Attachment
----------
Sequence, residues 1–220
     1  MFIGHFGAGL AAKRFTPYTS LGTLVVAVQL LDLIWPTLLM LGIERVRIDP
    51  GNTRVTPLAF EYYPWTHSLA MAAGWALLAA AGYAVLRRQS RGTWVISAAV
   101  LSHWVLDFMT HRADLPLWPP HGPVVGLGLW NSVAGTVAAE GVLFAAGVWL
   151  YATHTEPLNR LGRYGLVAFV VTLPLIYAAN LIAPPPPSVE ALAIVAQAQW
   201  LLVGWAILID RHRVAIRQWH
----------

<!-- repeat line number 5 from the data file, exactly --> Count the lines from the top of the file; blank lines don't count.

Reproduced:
   151  YATHTEPLNR LGRYGLVAFV VTLPLIYAAN LIAPPPPSVE ALAIVAQAQW